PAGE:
After purchasing a 3.5-acre plot of land in Topanga, California, where a rustic 750-square-foot cabin already stood, architect Christof Jantzen set out looking for ways to expand the cabin to house his family of five. He opted to complete the expansion using five recycled shipping containers and managed to create a wonderful blend of the old and the new in the resulting home. Adding the shipping containers expanded the size of the house to around 1550-square-feet.
The Colorado-based Formworks Building Inc. has been specializing in earth sheltered building technology since 1979. The main idea behind their buildings is the creation of sustainable, affordable housing. Formworks structures have an estimated usable life span of over one hundred years without any major maintenance. These houses are built into the earth surrounding the building site, which has the added bonus of protecting the home from raging storms, tornadoes, hurricanes, fires, mudslides and so on.
The Rural Studio members, founded in 1993 by Sam Mockbee, have been perfecting the design of the so-called 20K House for the last twenty years. The project was started by Mockbee who created a program where Auburn University’s architecture students could use reclaimed wood or natural other materials to design houses for low-income residents of Hale County, AL. For the past ten years, the students have been building these homes for the poor living in the Black Belt area of Alabama. But now the 20K house is being put on the general market.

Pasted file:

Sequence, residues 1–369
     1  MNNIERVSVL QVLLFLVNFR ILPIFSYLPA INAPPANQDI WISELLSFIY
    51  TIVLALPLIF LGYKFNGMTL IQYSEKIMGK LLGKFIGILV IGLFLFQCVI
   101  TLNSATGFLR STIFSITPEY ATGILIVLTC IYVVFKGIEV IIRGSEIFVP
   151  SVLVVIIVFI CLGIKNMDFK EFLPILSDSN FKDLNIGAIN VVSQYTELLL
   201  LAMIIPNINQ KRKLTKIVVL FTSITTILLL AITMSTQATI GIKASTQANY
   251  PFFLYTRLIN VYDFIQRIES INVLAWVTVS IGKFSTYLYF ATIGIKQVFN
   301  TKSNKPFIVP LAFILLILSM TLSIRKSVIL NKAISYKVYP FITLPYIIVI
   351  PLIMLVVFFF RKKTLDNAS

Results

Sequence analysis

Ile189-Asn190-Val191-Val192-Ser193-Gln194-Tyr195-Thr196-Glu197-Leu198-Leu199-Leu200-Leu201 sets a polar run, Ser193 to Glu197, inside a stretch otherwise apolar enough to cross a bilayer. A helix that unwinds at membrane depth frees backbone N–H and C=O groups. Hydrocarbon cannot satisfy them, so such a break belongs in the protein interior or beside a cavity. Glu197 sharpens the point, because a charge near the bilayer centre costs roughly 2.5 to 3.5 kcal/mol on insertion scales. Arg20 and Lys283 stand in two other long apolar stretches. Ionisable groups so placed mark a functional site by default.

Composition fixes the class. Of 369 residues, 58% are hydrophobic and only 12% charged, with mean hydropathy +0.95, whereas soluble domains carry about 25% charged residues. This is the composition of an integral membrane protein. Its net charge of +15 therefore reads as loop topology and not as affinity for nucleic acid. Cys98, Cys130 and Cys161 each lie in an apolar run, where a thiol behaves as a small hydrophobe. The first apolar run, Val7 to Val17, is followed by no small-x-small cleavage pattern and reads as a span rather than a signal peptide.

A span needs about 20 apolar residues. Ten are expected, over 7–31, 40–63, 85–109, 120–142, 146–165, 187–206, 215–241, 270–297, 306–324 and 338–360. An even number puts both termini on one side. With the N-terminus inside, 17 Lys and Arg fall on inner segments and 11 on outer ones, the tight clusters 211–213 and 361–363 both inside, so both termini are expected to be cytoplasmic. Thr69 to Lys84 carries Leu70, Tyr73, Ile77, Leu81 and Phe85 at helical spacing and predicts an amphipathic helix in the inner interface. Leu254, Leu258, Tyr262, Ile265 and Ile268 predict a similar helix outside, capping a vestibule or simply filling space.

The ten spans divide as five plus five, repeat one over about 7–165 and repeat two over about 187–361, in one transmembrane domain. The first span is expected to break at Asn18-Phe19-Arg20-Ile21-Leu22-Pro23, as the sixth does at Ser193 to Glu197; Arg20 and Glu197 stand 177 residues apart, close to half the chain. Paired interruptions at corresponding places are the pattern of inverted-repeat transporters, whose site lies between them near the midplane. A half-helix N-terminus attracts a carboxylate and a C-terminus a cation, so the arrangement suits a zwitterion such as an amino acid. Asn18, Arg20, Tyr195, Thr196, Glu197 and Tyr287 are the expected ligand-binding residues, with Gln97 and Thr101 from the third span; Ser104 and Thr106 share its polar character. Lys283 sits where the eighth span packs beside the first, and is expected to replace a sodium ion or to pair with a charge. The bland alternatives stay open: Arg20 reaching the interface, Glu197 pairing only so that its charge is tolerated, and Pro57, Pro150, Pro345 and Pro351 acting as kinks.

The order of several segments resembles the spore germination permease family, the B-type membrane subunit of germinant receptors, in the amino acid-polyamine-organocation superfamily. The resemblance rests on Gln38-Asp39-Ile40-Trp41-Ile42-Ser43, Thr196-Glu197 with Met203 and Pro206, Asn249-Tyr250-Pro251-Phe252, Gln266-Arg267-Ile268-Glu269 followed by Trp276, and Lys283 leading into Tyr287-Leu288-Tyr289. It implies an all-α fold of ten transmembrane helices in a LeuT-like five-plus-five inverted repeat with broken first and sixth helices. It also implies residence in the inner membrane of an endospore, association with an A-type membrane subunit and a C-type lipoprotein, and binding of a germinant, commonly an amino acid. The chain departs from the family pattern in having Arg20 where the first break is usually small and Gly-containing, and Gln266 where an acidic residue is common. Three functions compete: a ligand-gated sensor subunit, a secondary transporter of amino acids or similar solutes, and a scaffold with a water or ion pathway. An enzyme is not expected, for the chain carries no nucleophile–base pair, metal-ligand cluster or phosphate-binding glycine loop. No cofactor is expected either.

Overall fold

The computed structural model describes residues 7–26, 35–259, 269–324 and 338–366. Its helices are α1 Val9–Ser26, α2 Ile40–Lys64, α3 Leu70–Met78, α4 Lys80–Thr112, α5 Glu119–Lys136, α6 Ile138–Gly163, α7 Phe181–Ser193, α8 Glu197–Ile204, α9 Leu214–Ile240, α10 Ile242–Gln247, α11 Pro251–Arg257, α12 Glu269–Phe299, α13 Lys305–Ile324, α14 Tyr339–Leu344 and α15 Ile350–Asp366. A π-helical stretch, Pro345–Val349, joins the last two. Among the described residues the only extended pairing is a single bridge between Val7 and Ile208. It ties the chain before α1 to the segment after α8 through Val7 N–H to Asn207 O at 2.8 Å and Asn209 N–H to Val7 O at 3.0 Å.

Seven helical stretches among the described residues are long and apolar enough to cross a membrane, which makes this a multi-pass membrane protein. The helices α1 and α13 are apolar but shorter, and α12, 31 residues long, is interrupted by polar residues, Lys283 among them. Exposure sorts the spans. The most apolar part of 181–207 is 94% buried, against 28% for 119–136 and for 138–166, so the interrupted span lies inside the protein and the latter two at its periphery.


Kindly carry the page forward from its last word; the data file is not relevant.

The Nomad Micro home is the brainchild of Vancouver architect Ian Kent, who is currently raising funds to begin producing the home through an Indie Go Go campaign. The Nomad Micro Home can be described as a sustainable tiny house kit. It is so small and lightweight that the buyer can ship it anywhere in the world, and once it arrives, anyone with some basic carpentry skills can assemble it on their own.
The Nomad Micro Home measures a measly 10×10 feet and features a living room, kitchen, and an upstairs sleeping loft. However, due to the size constraints, several of these serve a double purpose. For example, the shelves in the kitchen are also the stairs to the loft area and the whole bathroom is also a shower. The Nomad is designed to house one or two people, though several house kits can be assembled together to make a larger home.
Late in October, 36 new homes made from recycled shipping containers began arriving in Brighton to become temporary dwellings for men and women that have had a history of homelessness.
The initiative was begun by the Brighton Housing Trust, a housing charity, and QED Estates Ltd, a housing developer. Located in New England Road on a plot that is known as Richardson’s Yard, the development is taking the place of a car park and a former scrap metal yard. Because the land is not suitable for long-term housing, the location is temporary, but the container homes can be easily relocated when the five-year permit expires.